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This article in SSSAJ

  1. Vol. 68 No. 2, p. 629-636
     
    Received: July 24, 2002
    Published: Mar, 2004


    * Corresponding author(s): rehmx001@umn.edu
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doi:10.2136/sssaj2004.6290

Impact of Banded Potassium on Crop Yield and Soil Potassium in Ridge-Till Planting

  1. G. W. Rehm * and
  2. J. A. Lamb
  1. Dep. of Soil, Water, and Climate, 1991 Upper Buford Circle, Univ. of Minnesota, St. Paul, MN 55108

Abstract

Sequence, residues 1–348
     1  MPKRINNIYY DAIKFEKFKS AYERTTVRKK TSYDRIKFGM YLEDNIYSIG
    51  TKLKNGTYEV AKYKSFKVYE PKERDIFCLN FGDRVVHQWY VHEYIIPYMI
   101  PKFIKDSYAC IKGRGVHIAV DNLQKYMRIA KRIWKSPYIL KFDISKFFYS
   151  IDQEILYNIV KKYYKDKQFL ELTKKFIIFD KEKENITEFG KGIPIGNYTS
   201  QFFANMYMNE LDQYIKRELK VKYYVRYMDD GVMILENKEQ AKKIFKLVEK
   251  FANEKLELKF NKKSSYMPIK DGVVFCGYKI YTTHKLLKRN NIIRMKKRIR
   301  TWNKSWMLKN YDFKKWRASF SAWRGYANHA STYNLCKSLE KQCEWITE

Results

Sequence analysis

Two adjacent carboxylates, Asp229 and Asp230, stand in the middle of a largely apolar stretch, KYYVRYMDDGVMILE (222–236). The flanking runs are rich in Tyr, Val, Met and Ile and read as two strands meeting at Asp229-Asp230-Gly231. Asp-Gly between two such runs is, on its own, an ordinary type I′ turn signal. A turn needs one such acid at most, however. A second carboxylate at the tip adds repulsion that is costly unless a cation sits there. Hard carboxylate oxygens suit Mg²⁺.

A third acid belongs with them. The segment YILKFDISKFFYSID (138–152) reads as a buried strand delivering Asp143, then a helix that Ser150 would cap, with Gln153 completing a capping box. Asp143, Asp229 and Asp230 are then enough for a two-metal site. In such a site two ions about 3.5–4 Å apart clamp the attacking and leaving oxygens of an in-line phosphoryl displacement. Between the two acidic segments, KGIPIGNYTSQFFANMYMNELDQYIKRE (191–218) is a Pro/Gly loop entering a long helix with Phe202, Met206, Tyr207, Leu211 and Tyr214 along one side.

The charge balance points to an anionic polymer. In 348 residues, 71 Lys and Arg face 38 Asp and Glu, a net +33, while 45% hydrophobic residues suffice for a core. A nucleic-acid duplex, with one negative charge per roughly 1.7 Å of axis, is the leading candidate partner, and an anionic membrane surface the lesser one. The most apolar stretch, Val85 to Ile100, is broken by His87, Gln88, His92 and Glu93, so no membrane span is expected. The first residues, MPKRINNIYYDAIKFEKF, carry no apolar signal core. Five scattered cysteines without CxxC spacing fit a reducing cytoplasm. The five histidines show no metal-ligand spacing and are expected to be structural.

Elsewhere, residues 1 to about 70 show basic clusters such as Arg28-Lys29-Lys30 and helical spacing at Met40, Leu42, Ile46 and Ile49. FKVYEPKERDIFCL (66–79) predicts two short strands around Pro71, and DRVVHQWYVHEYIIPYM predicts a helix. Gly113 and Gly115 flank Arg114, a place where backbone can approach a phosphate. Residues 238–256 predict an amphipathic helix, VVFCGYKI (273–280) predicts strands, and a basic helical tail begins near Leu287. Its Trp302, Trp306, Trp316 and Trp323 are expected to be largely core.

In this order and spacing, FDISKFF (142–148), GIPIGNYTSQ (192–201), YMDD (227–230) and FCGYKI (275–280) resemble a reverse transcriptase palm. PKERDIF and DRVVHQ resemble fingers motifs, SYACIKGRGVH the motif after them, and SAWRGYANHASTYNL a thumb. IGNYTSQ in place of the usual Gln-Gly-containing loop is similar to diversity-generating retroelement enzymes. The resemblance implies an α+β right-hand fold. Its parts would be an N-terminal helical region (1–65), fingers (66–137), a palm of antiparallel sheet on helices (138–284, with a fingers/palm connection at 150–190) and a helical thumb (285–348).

Adequate application of fertilizer K has been identified as a key management practice needed to achieve optimum production in a ridge-till planting system. However, the impact of K fertilization frequency has not been documented. Additionally, banded application of K also raises questions about the correct procedure to be followed for collection of soil samples. This study was conducted in the fields of three farmers who used the ridge-till planting system for corn (Zea mays L.) and soybean (Glycine max L.) grown in rotation. Potassium was applied in a subsurface band in the center of existing ridges in the fall of Year 1 before corn and Year 2 before soybean at rates of 0, 18.5, 37.0, 55.5, and 74.0 kg ha−1 To measure the effect of residual K on soybean yield, the rates were doubled and applied only once (before Year 1). Grain yield of both corn and soybean at all sites was not affected by K application. Potassium uptake by young corn plants was increased by K rate, but uptake was not related to yield. Potassium use had no significant effect on K concentration in the most recently matured soybean trifoliate leaves sampled at early bloom. At two sites, banded K produced changes in soil test K to a depth of 15.0 cm at a distance to 15.0 cm from the row.

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